Be this carburetors assembly part of restoration project, I’d have no choice, but use original hardware. However, its custom project so I found no objection against using stainless steel hardware with hexagonal sockets, including those screws with countersunk heads for carburetors to heat shield mounting.
Another little warning: don’t forget put throttle pulley into the assembly before you screw carburetors to heat shield.
After rack is assembled, we could put into carburetors throttle assemblies and install throttle shaft and then choke actuator.
Yet one usage for caps from carburetor cleaner rattle cans: rack of carburetors might be installed upside down on two of them. thus installation of last components became easy game. Valve seats and valve needles on their place, as well as small O-ring for accelerating pump jets.
I have two racks of carburetors. so in last moment decided to use floats from second rack just for the reason that their brass parts are more bright.
After I installed floats I adjusted their height according to information in service manual.
I also head a small issue with Keyster float bowl gaskets. The hole for the pilot screw shaft (in fact for shaft where pilot screw has to be, as only early models of VM24 carburetors has it there) turned out to be a little smaller than original one. Keyster gaskets are made not of paper, but of two layers of rubber with reinforcing layer of fabric between them, see photos below:
Thus it was just a matter of some accurate Dremel work to fit them perfectly.
With gaskets issue being solved, installation of float bowls was only a matter of five minutes. For float bowls I chose stainless steel Allen bolts with cylindrical heads. New fuel hoses that connect bowls and are the part of accelerating pump system took a bit more time, but soon I also installed them and fixed with clamps.
My next task was accelerating pump and its fuel valve. OEM diaphragms for both of them are not available now, so I bought this K&L repair kit:
Triangle thing on very bottom of second float bowl is valve actuator. As I wrote in one of my earlier posts, there are three types of Mikuni VM24 carburetors for Kawasaki KZ650 with accelerating pump. On some Mikuni VM24 carburetors chamber of valve actuator connected by channel to mostly same point where vacuum port for fuel tap is. Thus valve cuts fuel off when manifold vacuum is strong enough to overpower valve diaphragm spring. On some VM24 carburetors (like rack I own) there is no vacuum port in body of second carburetor, thus spring always keeps diaphragm in one position and valve is always open. This means that accelerating pump always has fuel and is ready to operate whenever you jerk throttle. Third type of VM24 carburetors have no valve at all, just uncovered place for diaphragm. In these carburetors accelerating pump always has fuel too.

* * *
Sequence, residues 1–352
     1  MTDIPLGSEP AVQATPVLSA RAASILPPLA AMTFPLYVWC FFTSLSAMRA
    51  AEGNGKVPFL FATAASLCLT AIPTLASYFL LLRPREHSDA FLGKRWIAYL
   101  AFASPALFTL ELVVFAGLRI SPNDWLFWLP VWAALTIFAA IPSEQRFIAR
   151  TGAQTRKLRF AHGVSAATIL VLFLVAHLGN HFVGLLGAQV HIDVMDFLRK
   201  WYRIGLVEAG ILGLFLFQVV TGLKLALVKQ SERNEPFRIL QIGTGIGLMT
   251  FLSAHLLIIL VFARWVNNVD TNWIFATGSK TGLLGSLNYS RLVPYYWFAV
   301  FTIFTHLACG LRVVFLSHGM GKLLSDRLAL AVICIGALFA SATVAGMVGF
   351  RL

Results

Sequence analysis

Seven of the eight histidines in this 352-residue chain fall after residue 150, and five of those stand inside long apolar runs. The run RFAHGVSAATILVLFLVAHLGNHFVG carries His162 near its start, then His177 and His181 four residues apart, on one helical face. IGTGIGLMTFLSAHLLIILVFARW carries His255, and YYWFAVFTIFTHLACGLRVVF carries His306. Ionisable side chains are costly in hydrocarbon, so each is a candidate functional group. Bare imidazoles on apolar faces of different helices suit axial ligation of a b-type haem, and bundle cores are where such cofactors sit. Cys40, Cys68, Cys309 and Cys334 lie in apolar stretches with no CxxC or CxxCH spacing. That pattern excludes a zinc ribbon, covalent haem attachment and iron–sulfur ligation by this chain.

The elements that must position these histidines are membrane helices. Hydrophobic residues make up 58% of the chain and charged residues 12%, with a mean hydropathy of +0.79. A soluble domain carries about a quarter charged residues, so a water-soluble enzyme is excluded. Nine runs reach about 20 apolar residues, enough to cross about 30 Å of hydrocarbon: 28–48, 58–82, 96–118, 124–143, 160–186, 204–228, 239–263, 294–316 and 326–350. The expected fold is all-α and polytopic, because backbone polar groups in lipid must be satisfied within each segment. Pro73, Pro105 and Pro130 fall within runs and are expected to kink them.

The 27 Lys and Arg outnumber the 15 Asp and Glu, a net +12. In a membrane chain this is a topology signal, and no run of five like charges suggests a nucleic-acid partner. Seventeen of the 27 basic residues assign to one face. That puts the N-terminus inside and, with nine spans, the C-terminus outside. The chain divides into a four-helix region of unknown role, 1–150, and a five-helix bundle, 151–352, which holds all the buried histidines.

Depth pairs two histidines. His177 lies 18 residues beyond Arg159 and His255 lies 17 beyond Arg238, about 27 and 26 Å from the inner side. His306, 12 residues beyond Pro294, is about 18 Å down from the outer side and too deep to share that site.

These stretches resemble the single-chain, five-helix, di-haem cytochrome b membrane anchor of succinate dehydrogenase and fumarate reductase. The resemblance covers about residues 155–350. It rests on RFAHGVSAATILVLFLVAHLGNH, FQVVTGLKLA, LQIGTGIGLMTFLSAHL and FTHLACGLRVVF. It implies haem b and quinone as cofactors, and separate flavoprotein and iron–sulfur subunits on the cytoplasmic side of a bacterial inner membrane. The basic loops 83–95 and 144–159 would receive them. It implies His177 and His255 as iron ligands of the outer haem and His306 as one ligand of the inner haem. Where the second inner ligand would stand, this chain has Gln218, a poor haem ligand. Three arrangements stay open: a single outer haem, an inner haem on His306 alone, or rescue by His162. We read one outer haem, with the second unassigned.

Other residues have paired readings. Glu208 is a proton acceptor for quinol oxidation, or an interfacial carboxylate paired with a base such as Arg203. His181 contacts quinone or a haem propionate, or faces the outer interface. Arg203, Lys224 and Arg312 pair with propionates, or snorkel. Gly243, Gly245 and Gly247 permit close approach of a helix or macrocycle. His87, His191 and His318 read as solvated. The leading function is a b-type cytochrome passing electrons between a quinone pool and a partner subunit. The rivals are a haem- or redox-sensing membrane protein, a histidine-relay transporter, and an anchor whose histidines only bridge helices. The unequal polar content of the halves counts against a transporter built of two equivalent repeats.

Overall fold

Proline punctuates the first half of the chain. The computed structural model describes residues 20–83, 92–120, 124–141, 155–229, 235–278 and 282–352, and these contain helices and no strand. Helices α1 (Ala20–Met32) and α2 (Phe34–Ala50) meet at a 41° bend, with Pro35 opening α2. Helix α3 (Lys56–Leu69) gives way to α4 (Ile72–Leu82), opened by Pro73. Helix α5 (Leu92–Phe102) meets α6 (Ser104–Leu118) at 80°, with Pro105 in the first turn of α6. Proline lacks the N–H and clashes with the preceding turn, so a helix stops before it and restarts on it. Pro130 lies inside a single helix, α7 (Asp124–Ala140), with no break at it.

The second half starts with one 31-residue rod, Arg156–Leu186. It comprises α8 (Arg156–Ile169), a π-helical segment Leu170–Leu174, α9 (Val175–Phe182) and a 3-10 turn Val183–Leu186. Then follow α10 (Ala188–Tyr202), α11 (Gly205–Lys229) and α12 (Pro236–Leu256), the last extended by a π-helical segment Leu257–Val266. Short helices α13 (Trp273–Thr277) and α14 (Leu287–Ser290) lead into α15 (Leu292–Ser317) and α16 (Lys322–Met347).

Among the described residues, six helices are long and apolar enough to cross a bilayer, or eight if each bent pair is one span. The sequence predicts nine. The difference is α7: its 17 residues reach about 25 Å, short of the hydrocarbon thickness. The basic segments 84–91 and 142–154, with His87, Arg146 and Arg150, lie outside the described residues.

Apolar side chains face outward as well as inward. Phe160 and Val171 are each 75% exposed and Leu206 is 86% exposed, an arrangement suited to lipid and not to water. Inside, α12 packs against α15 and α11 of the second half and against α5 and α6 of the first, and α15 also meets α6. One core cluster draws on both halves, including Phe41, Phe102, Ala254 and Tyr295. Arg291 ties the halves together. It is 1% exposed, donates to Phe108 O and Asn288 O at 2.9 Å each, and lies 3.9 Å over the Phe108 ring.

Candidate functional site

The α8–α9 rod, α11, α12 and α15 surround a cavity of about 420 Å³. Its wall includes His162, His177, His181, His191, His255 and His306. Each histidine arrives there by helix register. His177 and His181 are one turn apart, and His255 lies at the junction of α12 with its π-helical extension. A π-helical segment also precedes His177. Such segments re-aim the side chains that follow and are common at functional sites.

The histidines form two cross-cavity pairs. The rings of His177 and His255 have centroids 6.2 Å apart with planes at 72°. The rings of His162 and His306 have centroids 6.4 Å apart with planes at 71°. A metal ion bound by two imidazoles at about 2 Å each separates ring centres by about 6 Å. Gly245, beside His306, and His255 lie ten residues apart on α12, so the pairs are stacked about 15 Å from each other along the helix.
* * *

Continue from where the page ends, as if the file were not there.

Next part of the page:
Here is K&L valve diaphragm in comparing to OEM. That needle you may see on one side of diaphragm presses the valve in float bowl and opens it.
Accelerating pump diaphragm is square. K&L diaphragm corresponds OEM in most respects, except of how it holds returning spring. And here I found a little issue. As you may see, OEM diaphragm has protrusion in its center to hold spring on it while K&L has a bowl for this purpose.
K&L returning spring has larger diameter than OEM spring and it doesn’t seat properly in bowl of K&L diaphragm. I tried to tighten slightly the final round of spring but it did no good. Thus, there is possibility that this “unsettled” spring end may move sideways and damage diaphragm. I decided to not take a risk and used old OEM spring. Later I’ll get it zinc plated to protect it from corrosion.
For covers of accelerator pump and its valve I chose stainless steel Allen bolts with button heads.
Once I finished with accelerating pump I had only one task ahead: to install carburetors top covers. I used the same type of screws, as for accelerating pump, they looks great there.
And sure, here are few photos of assembled carburetor rack. I have to check fuel level and make initial synchronization, but this operation, as well as overflow hoses and air vent hoses installation I’ll do later.
Both my sets of carburetors have mostly same angle of float tang (as shown on pictures above) that pretty correspond 23 +/- 1mm of float height indicated in 1981 OEM service manual. In fact I set them to 24mm. However, I will check fuel level later to see if it is correct.
While building motorcycle with custom chassis one has to keep in his mind two essential things:
Front and rear wheels must be positioned inline and centered to longitudinal axis of frame.
Front and rear sprocket must be in one plane.
For Kawasaki KZ650 cafe-racer I’ve built custom spoked wheels based on Honda CBX550 hubs; I used Kawasaki Zephyr 550 swingarm and 41mm Kawasaki Ninja fork in Zephyr 750 triples. That means the whole chassis setup, including rear sprocket’ hub differs hugely from original. However, I managed to get new wheels aligned with frame longitudinal axis and rear sprocket is located soundly in same plane with its front sister.